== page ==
“Hopefully, we will inspire some future marine scientists,” said Beymer. “This project made me realize I am meant to be an educator, and I look forward to creating Learn by Doing projects like this one for my future students.”
– by Rachel Henry
Understanding the Labor Market
Over the summer, third-year economics major Julie Gelman worked with Professor Jonathan James on his 10-year study on income inequality between different age groups, ethnicities and genders. It was one of the first SURP projects from the Orfalea College of Business.
Gelman analyzed data that helped her understand how the income differences in these groups are affected by the hours worked early in their careers, with long-term impacts on their future wage growth.
Conducting her research and analysis completely virtually, Gelman was able to work independently while also connecting with James to answer questions. Since the program’s 10-week timeline was condensed into only five weeks, Gelman put in full-time hours.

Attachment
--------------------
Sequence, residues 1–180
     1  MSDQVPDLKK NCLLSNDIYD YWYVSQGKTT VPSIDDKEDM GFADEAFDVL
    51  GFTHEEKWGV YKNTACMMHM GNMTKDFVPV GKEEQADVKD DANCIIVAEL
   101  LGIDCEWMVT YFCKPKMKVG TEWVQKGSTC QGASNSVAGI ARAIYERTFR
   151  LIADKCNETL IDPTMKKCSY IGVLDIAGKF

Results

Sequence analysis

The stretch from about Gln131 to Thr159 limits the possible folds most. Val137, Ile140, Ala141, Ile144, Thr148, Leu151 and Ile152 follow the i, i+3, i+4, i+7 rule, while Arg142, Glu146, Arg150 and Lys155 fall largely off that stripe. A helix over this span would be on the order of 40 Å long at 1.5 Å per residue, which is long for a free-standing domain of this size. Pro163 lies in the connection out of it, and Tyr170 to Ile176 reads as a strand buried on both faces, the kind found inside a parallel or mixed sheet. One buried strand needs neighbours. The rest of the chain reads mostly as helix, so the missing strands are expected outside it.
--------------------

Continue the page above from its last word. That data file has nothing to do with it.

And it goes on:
“Julie played an important part in furthering this research,” said James, “not only by dealing with the nitty gritty of data analysis and modeling, but also in focusing on the bigger picture and how these pieces can be brought together to better understand the labor market.”
The research project put Gelman’s econometrics skills to the test, as she built and analyzed data sets, while also creating graphs and charts to illustrate her findings. She said finding her own data sets was particularly helpful experience, because it forced her to find trends on her own, rather than relying on other sources.
Gelman found a mentor in James, checking in daily to raise questions and stay on track. “He found a lot of interesting articles and academic papers for me to read, which gave me a lot more insight on the information we were studying,” Gelman said.
Another update to her resume: Gelman gained hands-on experience with programming languages as she applied different analytical functions to the data.
“Having these skills will definitely help me adapt to my real-life job in the future,” she said.
– by Susie Lloyd